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Thread: The Importance of Being Earnest - Acts 2 and 3

  1. Default The Importance of Being Earnest - Acts 2 and 3

    I feel a little silly making this post. When I made that other thread, I was expecting more traffic than what happened. Otherwise, I would have simply merged the two threads but since I've already labelled the other one Act 1, this will be the remaining acts...

    Also, because my project file (somehow) got corrupted and it took a while to recover them, there was a long period of time between my working on the first and second acts. I could easily have been a different editor when I made the second and third acts and I'm curious to see if I am.

    So here's the rest of the play, strung together as video responses:



    Thank you and I hope you enjoy!

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    Quote Originally Posted by Gunboat Diplomat View Post
    I feel a little silly making this post. When I made that other thread, I was expecting more traffic than what happened.
    You only posted it three days ago and you've actually received a lot of feedback for this forum. This is a fairly low volume forum, but what you do receive in the way of criticism is, I hope you'll agree, of a pretty high standard.

    To be honest, if you'd previously spent some time commenting on other people's films and generally chatting here before posting your first video, you might have got an even higher response.

    Look at it from our our point of view: someone who has never contributed before asks us to spend 10 mins watching his film then a further five minutes commenting on it and that's 15 mins out of the time we could be spening working on our own projects.

    The other thing I'd suggest is that very few of us have much experience of recording in a theatre anyway, so that in itself reduces the number of people who might feel they can comment.

    I'm not criticising you for posting your vids, just explaining why you may not have received as much feedback as you might have expected.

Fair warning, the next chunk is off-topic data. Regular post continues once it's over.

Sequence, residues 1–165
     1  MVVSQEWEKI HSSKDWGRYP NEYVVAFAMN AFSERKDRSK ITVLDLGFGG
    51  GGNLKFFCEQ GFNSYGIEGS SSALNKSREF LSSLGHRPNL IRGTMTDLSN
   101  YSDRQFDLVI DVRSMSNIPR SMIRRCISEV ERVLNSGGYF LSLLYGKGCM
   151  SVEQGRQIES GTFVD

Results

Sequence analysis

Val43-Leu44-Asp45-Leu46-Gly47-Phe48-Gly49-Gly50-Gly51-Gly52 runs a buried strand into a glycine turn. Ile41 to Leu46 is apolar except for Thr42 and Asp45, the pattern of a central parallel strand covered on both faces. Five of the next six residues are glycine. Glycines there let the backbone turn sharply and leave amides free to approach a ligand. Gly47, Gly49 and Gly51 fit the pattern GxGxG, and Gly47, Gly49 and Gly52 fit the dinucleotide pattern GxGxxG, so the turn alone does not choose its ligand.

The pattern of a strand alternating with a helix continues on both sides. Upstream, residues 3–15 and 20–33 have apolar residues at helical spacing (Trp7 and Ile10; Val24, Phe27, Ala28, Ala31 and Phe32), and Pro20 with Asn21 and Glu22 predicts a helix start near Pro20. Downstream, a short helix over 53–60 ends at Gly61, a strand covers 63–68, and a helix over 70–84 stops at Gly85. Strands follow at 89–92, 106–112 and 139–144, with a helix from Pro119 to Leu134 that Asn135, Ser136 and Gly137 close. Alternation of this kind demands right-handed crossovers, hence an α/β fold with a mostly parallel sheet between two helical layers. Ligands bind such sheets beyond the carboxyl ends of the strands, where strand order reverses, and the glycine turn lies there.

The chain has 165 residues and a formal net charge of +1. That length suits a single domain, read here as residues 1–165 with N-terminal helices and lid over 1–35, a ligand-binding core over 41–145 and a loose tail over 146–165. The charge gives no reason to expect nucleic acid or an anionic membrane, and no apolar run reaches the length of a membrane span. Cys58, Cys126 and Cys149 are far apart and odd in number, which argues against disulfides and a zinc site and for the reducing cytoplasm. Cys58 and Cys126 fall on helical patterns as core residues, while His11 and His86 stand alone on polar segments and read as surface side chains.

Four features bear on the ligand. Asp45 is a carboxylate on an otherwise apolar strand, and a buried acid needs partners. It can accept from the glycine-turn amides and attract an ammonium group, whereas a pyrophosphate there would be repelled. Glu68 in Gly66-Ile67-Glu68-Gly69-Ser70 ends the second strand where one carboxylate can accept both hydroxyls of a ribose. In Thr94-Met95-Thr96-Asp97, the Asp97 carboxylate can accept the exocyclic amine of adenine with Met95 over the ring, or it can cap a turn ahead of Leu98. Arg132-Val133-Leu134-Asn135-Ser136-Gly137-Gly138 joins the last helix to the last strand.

If you continue to interact and, importantly, comment on others' works you'll find the feedback you receive will generally increase proportionally.

    Thanks for posting. I'm finding the discussion very useful.
    Tim

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    Quote Originally Posted by TimStannard View Post
    You only posted it three days ago and you've actually received a lot of feedback for this forum. This is a fairly low volume forum, but what you do receive in the way of criticism is, I hope you'll agree, of a pretty high standard.

    To be honest, if you'd previously spent some time commenting on other people's films and generally chatting here before posting your first video, you might have got an even higher response.

    Look at it from our our point of view: someone who has never contributed before asks us to spend 10 mins watching his film then a further five minutes commenting on it and that's 15 mins out of the time we could be spening working on our own projects.

    The other thing I'd suggest is that very few of us have much experience of recording in a theatre anyway, so that in itself reduces the number of people who might feel they can comment.